A medieval-style farmhouse and a 13th-century walled complex have given the municipality the status of a historical-artistic complex. Urueña Castle, one of the best-preserved in the province of Valladolid, was the residence of one of the most important characters in the history of Spain: Doña Urraca. It is a town to enjoy the peace and it is worth visiting the fortification at dusk, with the sunset staining the horizon in coppery colours, on which the silhouette of the hermitage of La Anunciada stands out. This temple is the only one that is preserved in Castilla y León in the Romanesque-Lombard style and it is the place that houses the patron saint of Urueña, La Anunciada.

Urueña is the only town with the category of "Villa del Libro", with more bookstores than bars ready to surprise lovers of cinema, photojournalism and ethnography. This category is held by towns such as Wigtown (United Kingdom), Tuedrestand (Norway) or Fontenoy-la-Joûte (France). As an anecdote, for more than 15 years, it was the smallest town in Spain with a bookstore.


Alquézar (Huesca), the Muslim fortress

Another place that invites us to disconnect and go back in time is the medieval town of Alquézar, in the Somontano region. The place invites you to lose yourself in its cobbled streets, which form a crescent, in search of its hidden treasures. Alquézar means fortress, and it was one of the main strengths of Barbitania. Jalaf ibn Rasid built this construction at the beginning of the 9th century as a defensive enclave against the Christians.

A curiosity that draws the attention of those who visit the place is the facades of the houses with hanging wild boar legs, as a symbol of protection for the homes. Originally, this villa had three access doors, but today only one of them remains. The collegiate church of Santa María la Mayor is one of the places you must visit. Although its origin is Romanesque, the temple is a 16th-century construction and, inside, it preserves part of the Arab tiles that the primitive Muslim fortress that stood on the site had.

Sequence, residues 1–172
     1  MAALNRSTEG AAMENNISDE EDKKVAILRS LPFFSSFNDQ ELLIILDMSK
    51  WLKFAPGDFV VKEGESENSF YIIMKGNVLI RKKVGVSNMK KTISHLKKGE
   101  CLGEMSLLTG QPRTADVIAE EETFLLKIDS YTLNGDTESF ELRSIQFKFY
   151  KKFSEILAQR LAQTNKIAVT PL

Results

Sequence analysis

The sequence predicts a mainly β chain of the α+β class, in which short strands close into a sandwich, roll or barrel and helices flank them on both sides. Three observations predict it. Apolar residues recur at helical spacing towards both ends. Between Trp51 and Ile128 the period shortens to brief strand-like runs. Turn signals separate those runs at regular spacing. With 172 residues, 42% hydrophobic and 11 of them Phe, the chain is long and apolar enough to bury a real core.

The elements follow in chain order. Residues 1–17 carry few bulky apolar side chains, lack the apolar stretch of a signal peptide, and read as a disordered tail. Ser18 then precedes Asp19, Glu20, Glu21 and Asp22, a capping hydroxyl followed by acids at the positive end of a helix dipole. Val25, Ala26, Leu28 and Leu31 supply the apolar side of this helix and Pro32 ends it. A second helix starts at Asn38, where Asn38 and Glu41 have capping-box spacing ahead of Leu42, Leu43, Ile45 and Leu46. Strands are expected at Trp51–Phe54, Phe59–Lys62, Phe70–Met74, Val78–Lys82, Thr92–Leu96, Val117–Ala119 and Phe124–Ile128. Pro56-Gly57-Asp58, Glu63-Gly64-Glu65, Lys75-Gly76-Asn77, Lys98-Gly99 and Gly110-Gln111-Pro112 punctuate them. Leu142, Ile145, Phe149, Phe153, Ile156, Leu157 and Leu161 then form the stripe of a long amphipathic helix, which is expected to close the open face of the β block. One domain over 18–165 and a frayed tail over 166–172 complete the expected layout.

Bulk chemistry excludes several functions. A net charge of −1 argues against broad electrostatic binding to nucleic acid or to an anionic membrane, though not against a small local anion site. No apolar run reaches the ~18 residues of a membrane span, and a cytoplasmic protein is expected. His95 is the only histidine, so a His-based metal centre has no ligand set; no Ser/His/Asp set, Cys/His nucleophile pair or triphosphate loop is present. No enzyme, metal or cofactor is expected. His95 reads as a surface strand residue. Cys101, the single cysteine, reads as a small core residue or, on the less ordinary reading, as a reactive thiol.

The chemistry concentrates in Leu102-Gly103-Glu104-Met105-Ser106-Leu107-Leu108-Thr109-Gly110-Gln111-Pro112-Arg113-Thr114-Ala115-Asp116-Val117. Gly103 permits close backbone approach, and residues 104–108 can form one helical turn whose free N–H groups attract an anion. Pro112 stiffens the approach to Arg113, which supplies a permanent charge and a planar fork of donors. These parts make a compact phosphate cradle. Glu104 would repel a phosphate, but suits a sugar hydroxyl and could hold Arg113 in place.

Siurana (Tarragona), the castle on the ravine

One of the most beautiful viewpoints in Spain is in Siurana. Today it is a place to breathe peace and merge with the beauty of the landscape. The ruins of the castle located 730 meters above the sea, along with cliffs of 250 meters in height, are remnants of the passage of the Arabs through the place and every year attract climbing lovers from all over Europe. The fortress was erected in the 9th century as part of the defensive belt to defend Al-Andalus from the attacks of the Christians from the north.

During autumn and winter, it is difficult for the 27 inhabitants of the municipality to meet tourists on its streets, so it is the ideal place for those who seek to get away from the hustle and bustle of the big cities. As an anecdote, legend has it that when the Christians surrounded the fortress, the Moorish queen Abdelazia mounted on the back of her steed to flee from her enemies by jumping off the precipice and that the horseshoe of her horse was marked on the rock from which it jumped. If you visit the place, you should look for it.


Bagergue (Lleida), the town of flowers

Away from the hustle and bustle, between mountains and green meadows, Bagergue is one of the jewels of Catalonia. The visit to this fairytale town has an obligatory stop at the church of Sant Fèlix and the hermitage of Santa Margarita. It is a town that is worth visiting in the different seasons of the year because in each one of them you will find a different picture. The winters are covered by a white blanket and it is ideal to see the snowfall through the window with a fireplace in the background.

In spring, the place becomes an explosion of colours, which has served to obtain the recognition of "Viles Florides", a distinction that is awarded to villages with the aim of highlighting the natural and scenic wealth of the environment thanks to its gardens, floral ornamentation, homes and recreational spaces. The peculiarity of Bagergue is that it has the same number of hours of sunshine in both winter and summer, making it the perfect place to get away, turn off your mobile and enjoy the silence.

Like 5


Oppositelock said:
Saturday, March 20, 2021 @ 10:32 AM

You lucky British ex-pats!
I can't wait for covid to end so that I can get over there to visit some of those lovely villages